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Discussion Starter #1
Hey old friends, as some of you og's remember me and my eternal p1092 issue.. reminder.. Replaced all 4 o2s, maf, no intake leaks, replaced fuel pump, fuel filter... think that's it.. so ive been meaning to check the injectors and did a fuel pressure test today. Initial connection gave me 10psi. After ignition on, i got 45psi.

20170821_132304.jpg

With engine on 50psi.

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Hitting the throttle barely moved the needle.. i shut the engine off and waited 10 min to see if the gauge would hold pressure and it did at 45psi and did not move. As i understand i should have had around 55psi with just the ignition alone.. possibly clogged injector? Please let me know, big thanks in advance!

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Keep in mind when you hook up a fuel pressure gauge after the car has been sitting, you relieve a fair amount of pressure when the gauge is initially connected. Turning the ignition on will only "prime" the pump for about 3 seconds and this may not be long enough to bring the pressure up to where it belongs.

You will need to "prime" the pump multiple times after installing the gauge to get fuel rail pressure.

The fuel pressure specs are as follows:

Fuel Pressure Specs Per Bentley
All engines except the S54 3.2L M3 - Fuel pressure 3.5 +/- 0.2 bar or 50.76 +/- 2.9 PSI
Residual fuel pressure after 20 minutes - Fuel pressure >3 bar or >43.51 PSI

55 PSI is not the fuel pressure spec, not sure where you found this information.

You need to leave the gauge installed for 20 minutes or more to make sure the residual fuel pressure does not drop below the 43.5 PSI.
 

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.. possibly clogged injector? [/URL]
A clogged injector will not reduce fuel pressure. If anything, it would increase the fuel pressure.

Your numbers look good. As jfol noted, check pressure after the car has been shut down 20 min. or more. A reduction in pressure after being turned off for some time would indicate a bad check valve or leak in the fuel system.
 

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Discussion Starter #4
Thank you very much jfoj and mtnbimmer! You guys are awesome 👍

I'm redoing the test now. I'm assuming the ignition does not have to be on for the full 30 minutes while i wait to see if pressure will hold?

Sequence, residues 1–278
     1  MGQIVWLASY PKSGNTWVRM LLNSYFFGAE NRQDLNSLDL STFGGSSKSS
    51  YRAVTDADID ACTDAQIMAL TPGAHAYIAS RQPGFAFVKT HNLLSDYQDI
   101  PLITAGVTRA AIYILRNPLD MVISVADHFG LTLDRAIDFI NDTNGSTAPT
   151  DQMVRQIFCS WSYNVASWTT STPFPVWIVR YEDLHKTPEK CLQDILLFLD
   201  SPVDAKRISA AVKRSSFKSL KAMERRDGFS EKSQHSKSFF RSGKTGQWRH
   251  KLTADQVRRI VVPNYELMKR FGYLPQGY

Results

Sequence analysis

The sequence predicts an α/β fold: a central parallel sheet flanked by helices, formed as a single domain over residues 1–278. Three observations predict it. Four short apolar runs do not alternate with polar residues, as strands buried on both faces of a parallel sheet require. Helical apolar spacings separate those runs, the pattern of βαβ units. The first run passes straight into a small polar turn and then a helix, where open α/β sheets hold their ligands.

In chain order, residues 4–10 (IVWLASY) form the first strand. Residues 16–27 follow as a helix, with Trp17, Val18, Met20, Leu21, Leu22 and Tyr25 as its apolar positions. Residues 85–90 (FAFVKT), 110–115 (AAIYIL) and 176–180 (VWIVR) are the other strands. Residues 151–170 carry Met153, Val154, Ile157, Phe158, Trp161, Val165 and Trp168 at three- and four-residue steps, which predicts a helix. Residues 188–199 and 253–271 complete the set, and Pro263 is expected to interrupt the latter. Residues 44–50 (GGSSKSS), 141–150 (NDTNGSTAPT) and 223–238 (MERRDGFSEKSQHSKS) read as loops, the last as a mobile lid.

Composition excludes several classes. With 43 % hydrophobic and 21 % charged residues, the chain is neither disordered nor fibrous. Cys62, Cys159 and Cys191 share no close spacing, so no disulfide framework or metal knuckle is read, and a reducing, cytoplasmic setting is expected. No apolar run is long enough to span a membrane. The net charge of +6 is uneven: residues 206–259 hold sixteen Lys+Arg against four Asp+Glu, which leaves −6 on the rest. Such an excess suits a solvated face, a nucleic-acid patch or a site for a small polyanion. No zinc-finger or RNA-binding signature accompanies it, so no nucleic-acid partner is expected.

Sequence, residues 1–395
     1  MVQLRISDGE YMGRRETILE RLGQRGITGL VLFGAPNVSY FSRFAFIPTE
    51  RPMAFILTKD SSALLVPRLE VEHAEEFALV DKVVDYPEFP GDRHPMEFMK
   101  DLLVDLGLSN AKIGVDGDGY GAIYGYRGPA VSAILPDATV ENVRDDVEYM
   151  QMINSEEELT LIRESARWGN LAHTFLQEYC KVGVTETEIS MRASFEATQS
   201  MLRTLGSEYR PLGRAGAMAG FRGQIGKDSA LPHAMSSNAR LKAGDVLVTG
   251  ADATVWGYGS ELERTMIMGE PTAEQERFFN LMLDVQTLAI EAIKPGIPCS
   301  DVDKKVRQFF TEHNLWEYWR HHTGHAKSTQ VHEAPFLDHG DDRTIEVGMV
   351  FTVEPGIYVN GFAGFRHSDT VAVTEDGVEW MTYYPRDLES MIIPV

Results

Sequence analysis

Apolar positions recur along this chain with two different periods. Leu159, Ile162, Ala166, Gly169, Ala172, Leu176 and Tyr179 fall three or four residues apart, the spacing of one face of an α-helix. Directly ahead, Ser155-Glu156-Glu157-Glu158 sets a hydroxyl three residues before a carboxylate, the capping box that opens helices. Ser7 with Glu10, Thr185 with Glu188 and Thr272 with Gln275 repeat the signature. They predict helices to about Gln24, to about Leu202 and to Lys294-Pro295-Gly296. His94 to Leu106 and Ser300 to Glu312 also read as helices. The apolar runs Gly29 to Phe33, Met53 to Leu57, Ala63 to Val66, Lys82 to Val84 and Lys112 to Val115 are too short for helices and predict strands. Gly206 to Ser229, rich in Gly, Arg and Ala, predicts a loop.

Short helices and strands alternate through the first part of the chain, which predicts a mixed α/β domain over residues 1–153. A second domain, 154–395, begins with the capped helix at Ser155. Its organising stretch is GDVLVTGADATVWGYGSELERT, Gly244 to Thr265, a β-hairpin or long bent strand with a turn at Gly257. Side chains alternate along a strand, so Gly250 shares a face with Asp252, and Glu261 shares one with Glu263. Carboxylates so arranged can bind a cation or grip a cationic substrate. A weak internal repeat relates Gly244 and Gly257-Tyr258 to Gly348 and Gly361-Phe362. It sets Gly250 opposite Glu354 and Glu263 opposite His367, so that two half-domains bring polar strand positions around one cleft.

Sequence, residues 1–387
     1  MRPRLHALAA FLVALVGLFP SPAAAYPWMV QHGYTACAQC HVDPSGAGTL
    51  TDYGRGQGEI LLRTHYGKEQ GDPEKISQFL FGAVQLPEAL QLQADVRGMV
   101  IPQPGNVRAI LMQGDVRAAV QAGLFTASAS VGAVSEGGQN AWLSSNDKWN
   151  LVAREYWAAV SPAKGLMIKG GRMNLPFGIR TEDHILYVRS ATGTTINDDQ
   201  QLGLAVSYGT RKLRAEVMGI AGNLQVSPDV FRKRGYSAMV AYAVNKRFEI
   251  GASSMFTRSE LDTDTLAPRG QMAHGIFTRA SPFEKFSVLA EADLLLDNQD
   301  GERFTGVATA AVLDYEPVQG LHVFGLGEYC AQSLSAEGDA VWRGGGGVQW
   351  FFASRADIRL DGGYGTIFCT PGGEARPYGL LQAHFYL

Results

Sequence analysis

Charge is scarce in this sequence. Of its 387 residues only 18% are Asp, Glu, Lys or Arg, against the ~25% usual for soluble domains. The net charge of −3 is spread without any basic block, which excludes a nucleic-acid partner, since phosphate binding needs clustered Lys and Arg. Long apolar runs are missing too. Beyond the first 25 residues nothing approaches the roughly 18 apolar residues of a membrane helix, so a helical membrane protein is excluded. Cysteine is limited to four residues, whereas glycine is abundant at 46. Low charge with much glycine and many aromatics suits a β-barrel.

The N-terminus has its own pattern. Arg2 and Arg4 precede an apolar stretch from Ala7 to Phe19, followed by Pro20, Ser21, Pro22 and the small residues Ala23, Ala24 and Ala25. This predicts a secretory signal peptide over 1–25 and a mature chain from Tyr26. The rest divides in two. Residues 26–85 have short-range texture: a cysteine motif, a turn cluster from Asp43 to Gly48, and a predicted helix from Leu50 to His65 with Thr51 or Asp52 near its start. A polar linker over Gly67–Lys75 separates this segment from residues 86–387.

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For the Static test, you shut the engine down, key out of the ignition and make sure too much pressure does not bleed off. Min period of time is 20 minutes @ 43.5 PSI, but the pressure should hold for days with only a slight change often due to temperature.
 

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Discussion Starter #6
20170824_142028.jpg

Got this after 30 min with key in ignition but ignition off.. 35psi and dropping. Now at 31. was it that important to remove key from ignition? Brand new gauge. Second time use. If no fuel leaks out, safe to say it's accurate? so what am I replacing here?

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So clearly there is too much bleed down after 30 minute. The spec claims the pressure should stay at or above 43.5 PSI for 20 minutes.

There are 4 basic areas that could cause pressure bleed off.

1. Fuel pump internal check valve leaking.
2. Leak in the hose of connection between the fuel pump output and the fuel level sender.
3. Fuel filter pressure regulator leaking
4. One or more fuel injectors leaking down.

Given the age of these cars and knowing what we know about the fuel injectors, i would personally replace the fuel pump assembly and fuel filter, then see what happens. These items need to be replaced at some point anyway, they are not lifetime parts.

Then see what happens. You can also test by pinching off the output fuel hose from the fuel pump with a special flat hose pinching tool after the fuel rail has been charged and if the fuel pressure continues to drop there is one or more injectors leaking.
 

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Discussion Starter #8
Great thanks. Seeing as i replaced the fuel pump last year with a genuine bmw part and the fuel filter not long ago, i will go ahead and replace the injectors with o rings. Is that all for now?